When Will 6G Arrive? Hopefully Never, Says BT's McRae
If there is one thing the telecom industry has been able to count on, it's that every few years a new generation of mobile technology is unleashed on the market. But what if this all comes to an abrupt end with 5G, the standard that some operators expect to begin rolling out commercially in 2019?
Neil McRae, the chief network architect of UK telecom incumbent BT Group plc (NYSE: BT; London: BTA), has suggested it might. "I want 5G to be the best G ever," he said during the Global Mobile Broadband Forum hosted by Chinese equipment giant Huawei Technologies Co. Ltd. in London last week. "Hopefully we won't need 6G."
There are good reasons to think 6G will never happen. From an end-user perspective, a network that pipes either voice calls or data traffic to a device can get better only in so many ways. In an important respect, 3G was the most revolutionary G, because it brought mobile Internet connectivity to many customers for the first time (just not very well). All 4G did, essentially, was to improve that experience. On the radio side, 5G is simply going a step further, boosting megabits per second and cutting latency. Deutsche Telekom AG (NYSE: DT) has even called it an "evolutionary" technology. (See DT Is Not Going Radio Gaga About 5G and Let's Talk About 5G Efficiency, Not Wacky Services.)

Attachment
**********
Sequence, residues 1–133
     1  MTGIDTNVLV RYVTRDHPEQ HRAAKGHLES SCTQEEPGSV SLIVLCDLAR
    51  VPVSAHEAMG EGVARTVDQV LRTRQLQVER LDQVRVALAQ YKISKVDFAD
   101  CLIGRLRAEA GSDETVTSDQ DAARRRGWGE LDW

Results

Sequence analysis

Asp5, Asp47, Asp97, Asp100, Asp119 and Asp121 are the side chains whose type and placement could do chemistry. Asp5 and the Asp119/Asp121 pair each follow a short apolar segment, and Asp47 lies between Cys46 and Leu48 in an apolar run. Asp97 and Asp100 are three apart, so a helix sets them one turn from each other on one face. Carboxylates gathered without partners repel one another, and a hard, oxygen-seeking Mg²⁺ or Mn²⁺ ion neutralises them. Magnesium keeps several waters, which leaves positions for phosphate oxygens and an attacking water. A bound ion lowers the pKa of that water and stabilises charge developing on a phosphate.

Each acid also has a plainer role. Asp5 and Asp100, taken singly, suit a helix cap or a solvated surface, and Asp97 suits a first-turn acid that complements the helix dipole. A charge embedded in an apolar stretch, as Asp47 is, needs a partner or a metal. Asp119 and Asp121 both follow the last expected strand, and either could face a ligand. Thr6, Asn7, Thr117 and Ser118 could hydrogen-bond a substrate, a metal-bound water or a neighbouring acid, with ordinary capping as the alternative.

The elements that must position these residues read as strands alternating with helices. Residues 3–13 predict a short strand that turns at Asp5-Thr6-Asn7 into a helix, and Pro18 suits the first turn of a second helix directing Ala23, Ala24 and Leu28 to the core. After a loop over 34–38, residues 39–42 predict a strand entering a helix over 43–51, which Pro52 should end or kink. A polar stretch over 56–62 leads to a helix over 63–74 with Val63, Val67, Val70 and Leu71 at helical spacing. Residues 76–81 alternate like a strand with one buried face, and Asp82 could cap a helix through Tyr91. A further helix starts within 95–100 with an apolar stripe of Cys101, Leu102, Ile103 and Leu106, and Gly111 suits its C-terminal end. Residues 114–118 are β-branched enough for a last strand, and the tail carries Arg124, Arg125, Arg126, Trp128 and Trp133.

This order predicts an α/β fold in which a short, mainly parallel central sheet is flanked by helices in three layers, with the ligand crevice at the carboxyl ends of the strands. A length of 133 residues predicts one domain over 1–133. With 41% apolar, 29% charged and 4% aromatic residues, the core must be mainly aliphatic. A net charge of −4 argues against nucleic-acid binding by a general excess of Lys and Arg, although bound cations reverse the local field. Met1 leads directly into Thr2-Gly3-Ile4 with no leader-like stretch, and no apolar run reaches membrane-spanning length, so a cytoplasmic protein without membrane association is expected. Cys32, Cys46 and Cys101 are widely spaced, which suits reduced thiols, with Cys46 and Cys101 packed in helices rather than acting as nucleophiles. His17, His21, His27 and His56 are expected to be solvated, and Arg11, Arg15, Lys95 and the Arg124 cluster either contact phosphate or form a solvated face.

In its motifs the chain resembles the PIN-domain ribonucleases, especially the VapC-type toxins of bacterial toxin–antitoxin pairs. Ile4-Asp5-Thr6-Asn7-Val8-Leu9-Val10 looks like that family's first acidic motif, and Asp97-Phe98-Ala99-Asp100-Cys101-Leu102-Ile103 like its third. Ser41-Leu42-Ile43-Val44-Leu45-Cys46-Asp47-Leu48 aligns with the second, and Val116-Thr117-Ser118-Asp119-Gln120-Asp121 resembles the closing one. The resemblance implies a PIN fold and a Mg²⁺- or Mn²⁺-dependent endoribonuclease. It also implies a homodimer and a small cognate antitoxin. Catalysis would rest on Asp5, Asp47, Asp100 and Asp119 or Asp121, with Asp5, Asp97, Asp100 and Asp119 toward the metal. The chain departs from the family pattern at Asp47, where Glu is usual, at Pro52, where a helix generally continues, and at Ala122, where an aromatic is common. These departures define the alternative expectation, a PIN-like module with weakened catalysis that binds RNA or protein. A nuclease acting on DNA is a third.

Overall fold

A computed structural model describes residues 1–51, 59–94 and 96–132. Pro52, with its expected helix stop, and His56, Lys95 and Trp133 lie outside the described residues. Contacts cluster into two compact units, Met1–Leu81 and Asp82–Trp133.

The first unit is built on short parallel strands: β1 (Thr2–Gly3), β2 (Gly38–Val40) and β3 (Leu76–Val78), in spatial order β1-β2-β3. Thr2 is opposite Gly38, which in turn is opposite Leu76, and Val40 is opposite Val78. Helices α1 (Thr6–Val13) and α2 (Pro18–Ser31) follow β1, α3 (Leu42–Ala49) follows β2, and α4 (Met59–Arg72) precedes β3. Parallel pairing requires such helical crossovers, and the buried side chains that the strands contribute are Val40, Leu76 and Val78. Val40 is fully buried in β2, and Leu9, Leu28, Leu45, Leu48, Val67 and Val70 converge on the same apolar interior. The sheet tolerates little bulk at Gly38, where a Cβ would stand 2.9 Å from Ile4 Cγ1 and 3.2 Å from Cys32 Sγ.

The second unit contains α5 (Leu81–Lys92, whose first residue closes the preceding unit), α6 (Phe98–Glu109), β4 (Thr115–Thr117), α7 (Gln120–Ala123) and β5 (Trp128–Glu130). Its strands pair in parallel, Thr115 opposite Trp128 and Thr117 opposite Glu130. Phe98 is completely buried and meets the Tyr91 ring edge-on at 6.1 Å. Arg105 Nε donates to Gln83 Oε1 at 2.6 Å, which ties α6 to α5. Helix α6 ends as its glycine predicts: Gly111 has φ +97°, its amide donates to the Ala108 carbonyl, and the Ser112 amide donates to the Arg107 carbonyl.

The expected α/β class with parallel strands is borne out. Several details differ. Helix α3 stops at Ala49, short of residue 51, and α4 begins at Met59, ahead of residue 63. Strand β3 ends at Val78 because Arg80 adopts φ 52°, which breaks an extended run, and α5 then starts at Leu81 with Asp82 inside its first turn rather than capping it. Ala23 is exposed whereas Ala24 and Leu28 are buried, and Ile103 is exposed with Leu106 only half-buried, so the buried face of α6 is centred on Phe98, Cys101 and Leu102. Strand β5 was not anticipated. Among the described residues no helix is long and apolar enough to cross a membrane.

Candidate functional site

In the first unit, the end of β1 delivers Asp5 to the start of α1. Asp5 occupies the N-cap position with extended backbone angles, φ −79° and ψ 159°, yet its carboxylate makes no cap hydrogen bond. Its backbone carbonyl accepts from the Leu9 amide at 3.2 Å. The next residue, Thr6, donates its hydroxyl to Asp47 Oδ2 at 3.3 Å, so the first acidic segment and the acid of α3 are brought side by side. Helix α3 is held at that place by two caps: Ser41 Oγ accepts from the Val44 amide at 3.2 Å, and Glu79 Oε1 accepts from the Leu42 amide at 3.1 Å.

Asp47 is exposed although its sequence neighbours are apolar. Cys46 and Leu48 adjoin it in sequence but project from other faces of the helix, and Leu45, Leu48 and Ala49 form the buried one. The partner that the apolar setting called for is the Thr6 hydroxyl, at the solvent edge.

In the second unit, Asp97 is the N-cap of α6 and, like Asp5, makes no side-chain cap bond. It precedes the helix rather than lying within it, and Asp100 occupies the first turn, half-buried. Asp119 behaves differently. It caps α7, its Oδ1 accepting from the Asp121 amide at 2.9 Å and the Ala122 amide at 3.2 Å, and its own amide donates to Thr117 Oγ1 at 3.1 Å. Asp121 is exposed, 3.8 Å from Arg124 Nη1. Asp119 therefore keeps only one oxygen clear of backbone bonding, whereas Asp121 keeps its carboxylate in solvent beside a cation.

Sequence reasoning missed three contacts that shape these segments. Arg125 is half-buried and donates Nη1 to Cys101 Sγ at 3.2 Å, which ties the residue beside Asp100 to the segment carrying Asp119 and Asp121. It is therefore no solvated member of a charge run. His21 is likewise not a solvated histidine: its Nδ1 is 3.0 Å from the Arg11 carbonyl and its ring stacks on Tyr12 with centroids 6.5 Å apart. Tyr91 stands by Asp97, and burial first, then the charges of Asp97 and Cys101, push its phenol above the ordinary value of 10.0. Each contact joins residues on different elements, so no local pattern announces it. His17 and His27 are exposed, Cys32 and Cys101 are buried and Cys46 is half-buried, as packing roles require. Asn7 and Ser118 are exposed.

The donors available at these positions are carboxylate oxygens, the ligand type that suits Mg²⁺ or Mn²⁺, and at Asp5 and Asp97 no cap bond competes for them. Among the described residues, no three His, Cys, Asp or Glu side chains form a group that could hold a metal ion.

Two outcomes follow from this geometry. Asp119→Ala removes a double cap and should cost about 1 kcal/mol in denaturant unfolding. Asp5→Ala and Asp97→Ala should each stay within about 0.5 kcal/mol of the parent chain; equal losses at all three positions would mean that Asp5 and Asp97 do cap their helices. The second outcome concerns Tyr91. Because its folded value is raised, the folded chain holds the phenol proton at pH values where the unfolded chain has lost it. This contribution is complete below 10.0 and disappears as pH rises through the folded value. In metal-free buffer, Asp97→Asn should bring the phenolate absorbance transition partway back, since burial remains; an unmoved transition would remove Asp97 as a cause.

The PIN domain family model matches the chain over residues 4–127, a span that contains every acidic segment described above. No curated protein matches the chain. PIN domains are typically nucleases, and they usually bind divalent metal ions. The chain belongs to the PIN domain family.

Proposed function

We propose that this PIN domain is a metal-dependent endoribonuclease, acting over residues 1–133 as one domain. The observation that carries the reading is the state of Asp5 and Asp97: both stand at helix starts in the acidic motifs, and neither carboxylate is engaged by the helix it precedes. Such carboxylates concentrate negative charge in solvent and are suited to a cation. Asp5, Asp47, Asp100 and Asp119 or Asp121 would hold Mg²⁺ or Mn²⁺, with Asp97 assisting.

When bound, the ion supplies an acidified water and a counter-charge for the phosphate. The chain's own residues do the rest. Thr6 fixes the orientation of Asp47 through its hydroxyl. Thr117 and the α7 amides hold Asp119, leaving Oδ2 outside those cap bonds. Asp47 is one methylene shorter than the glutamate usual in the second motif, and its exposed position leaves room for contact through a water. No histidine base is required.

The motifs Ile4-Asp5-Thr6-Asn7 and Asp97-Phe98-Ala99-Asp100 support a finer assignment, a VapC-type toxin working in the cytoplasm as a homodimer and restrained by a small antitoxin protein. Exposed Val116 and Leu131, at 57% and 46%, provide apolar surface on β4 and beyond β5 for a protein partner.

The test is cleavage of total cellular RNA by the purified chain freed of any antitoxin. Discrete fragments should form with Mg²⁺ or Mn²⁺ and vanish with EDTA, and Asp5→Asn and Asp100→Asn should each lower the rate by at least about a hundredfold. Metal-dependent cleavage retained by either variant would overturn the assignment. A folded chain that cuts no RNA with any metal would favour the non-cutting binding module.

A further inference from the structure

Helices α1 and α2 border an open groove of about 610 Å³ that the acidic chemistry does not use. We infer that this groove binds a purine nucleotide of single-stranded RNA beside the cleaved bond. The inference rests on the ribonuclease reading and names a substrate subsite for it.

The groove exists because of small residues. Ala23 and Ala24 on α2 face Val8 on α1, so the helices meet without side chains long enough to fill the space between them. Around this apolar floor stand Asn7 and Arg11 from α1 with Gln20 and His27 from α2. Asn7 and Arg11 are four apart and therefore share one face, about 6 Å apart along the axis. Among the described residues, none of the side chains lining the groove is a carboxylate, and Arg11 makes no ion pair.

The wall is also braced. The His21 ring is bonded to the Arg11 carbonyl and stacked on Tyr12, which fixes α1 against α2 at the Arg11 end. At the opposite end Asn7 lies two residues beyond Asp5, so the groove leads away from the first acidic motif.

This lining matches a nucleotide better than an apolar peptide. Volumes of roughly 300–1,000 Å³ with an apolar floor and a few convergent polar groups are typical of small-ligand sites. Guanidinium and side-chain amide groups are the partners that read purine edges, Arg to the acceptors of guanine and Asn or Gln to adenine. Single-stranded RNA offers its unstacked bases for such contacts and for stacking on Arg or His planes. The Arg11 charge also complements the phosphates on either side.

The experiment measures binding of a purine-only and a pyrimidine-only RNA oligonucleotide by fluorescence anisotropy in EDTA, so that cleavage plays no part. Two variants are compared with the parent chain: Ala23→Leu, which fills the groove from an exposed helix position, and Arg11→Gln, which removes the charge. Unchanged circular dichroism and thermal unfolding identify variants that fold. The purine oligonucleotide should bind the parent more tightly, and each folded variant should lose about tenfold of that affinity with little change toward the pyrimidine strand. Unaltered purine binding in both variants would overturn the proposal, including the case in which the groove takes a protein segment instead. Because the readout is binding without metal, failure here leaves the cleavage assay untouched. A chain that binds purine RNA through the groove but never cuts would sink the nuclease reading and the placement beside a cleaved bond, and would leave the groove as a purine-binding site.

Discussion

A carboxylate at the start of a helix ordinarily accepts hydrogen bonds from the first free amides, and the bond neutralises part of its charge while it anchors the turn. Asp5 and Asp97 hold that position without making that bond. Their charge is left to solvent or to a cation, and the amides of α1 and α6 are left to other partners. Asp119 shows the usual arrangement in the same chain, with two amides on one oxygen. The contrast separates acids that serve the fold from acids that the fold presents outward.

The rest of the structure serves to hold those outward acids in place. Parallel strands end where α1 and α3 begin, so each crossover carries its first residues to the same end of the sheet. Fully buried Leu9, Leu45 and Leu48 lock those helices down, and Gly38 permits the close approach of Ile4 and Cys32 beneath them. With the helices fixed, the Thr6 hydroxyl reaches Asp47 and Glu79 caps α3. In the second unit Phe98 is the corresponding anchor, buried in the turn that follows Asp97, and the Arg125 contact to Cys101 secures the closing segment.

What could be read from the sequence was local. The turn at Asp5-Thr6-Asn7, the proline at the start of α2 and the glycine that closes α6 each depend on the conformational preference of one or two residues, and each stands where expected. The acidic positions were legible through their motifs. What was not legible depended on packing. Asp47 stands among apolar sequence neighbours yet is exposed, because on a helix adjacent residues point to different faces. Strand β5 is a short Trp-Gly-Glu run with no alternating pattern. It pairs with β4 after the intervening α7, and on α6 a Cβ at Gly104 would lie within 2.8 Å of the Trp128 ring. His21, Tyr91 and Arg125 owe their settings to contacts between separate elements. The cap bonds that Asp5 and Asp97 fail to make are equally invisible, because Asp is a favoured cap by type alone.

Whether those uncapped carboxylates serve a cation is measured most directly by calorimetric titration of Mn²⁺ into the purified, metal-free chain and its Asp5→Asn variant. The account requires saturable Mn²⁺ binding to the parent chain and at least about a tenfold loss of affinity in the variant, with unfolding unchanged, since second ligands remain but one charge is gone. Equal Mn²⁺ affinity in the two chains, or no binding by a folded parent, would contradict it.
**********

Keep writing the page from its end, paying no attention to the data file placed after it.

No doubt, networks will continue to need strengthening as new and more bandwidth-hungry services take shape. But vendors can make the necessary improvements without defining an entirely new generation. Indeed, they already are. Today's LTE-Advanced-Pro (4.5G) networks can support gigabit-speed connectivity, their operators claim, making them way zippier than standard 4G was just a few years ago. That growing capability has even prompted criticism of 5G as a solution in search of a problem.
Ah, but 5G is about so much more than just a new radio, its supporters would say. It can, in fact, be seen as an umbrella term for a collection of technologies that will radically change the entire network, making today's telcos look a lot more like cloud companies, such as Facebook and Google (Nasdaq: GOOG), if all goes to plan.
"SDN, telemetry, analytics, AI [artificial intelligence] and white box hardware are key in future networks," said McRae at last week's Huawei event, in summing up what 5G transformation entails for BT. "5G will have to be the most automated platform we have ever had, or managing billions of devices is not going to work."
If 5G really does prove to be this revolutionary, telcos are even unlikelier to be thinking about a 6G standard ten years from now. But the prospect of "no 6G" may be an unsettling one for the equipment community, which has come to rely on successive waves of telco investment in next-generation technologies. That worry is only exacerbated by the shift in value from hardware to software, and the growing adoption of open source technologies in telco networks. Even now, there is concern that operators will spend less on 5G than they did on 4G, as their networks become more software-based. And skepticism that 5G will boost service revenues means few telcos may be in a hurry to roll it out.
Next page: 6G scenario planning